Chris Garcia has measured, poured, fired up, and served his fair share of Spanish coffees. The bar manager at Howe’s Bayou in Ferndale knows, after nearly 23 years, that after that first crackle of blue flame appears behind the bar and patrons start to smell the deeply rich coffee and the caramelized sugar on the rim, a chain reaction will begin and he’ll have his hands full for the next half-hour, as more orders roll in.
During the winter months, Garcia says, “We’re getting more people looking for the kinds of drinks that knock the cold out of your bones.”
Spanish coffee has been on the drink menu at Howe’s for decades, and the evergreen popularity of the drink doesn’t show any signs of waning, especially in the cold weather. Hot cocktails have a long history in northern European countries and are especially suited to dark and dreary Midwestern winters. For many Detroit bartenders, crafting a well-balanced, invigorating hot drink is a way to showcase creativity and hospitality this time of year.
At Henrietta Haus in Hamtramck, Amy Duncan takes the concept of hot coffee and alcohol one step further by adding butter. Hot buttered rum is a colonial American classic, originating in New England in the 18th century.
It’s a perfect fit for cold winter nights, Duncan says. “A hot drink sounds good on the inside and out. Who doesn’t love a hot buttered rum?”
Duncan has also perfected a few variations. Her hot buttered coffee grog uses house-roasted coffee and creamy, melted butter for a wake-up and a warm-up. The inspiration for her hot buttered amaretto sour came from a vintage cookbook recipe for hot buttered lemonade. Duncan kicked that up a notch by using the almond-based liqueur amaretto, bourbon, hot water, and lemon juice, with a bit of simple syrup and a pat of hot butter to spread emulsifying richness throughout the drink.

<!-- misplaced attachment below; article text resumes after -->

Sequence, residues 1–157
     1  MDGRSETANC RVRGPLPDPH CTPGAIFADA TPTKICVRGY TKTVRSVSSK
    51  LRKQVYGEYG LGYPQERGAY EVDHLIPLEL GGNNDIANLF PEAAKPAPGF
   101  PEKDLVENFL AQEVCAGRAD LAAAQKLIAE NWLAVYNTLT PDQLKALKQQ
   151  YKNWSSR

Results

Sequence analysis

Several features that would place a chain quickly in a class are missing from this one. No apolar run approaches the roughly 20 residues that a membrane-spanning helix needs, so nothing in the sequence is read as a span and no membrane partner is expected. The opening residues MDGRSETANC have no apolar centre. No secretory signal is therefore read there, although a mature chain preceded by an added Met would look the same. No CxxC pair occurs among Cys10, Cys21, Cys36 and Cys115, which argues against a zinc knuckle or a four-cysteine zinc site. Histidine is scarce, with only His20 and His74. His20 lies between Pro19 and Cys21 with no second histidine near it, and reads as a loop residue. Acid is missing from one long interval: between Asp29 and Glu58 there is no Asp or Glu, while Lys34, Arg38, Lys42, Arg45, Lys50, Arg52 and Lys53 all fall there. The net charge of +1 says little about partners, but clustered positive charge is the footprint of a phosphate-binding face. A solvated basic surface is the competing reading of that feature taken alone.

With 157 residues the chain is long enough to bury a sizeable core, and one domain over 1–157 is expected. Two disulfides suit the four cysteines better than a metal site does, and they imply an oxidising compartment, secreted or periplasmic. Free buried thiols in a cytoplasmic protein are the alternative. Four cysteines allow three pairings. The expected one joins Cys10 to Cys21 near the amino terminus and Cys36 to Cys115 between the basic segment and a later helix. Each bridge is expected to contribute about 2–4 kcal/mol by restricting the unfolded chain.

She’s working this year on a ginger-infused bourbon for true hot toddies. “I would always make a ginger-lemon tea when I was sick or just wanted a warm-up,” she says. “This is a version of that warming spicy ginger.”
Hot toddies, Spanish coffee, and other warm boozy beverages have been popular winter warmers for centuries. Claims of the curative properties of hot drinks as remedies for the cold and flu have largely been dismissed as old wives’ tales — until recently. In fact, several studies have shown that the spices in a hot toddy help stimulate mucus production and clear up congestion, helping to soothe a sore throat. The lemon and honey in a hot toddy also hydrate and help with congestion and scratchy throats. Doctors do warn, though, that the alcohol dehydrates the body, so it’s best to be light-handed with the hard stuff.
Almost any drink can be modified for winter warming. At The Royce Detroit wine bar downtown, the Tempranillo-based mulled wine melds baking spices, brown sugar, citrus, rum, and red wine. Heating the drink provides more than just comfort: It blends the disparate ingredients into a harmonious beverage that is more than the sum of its parts.
Says Kat McCormack, wine education and marketing manager at The Royce: “Balance is key. Over-spicing it can make it too tannic, and under-spicing it can make the booze too strong. So it’s about finding that balance … and then allowing the wine and the liquor to showcase as well.”
In the winter months, when it can seem like the sun hibernates for ages, warm drinks balance out the frigid air. Maybe those old Swiss mountain monks with their St. Bernards toting mini-kegs of hot brandy had the right idea. Hot alcohol might not be a cure-all, but it sure is reassuring.
McCormack likes to gaze out the two-plus-story windows at The Royce into a Woodward Avenue snowstorm and sip a hot drink. “There’s just something so comforting about holding that glass mug warming your fingers and looking at the snow — it goes down easy.”
This story is from the February 2023 issue of Hour Detroit magazine. Read more in our digital edition.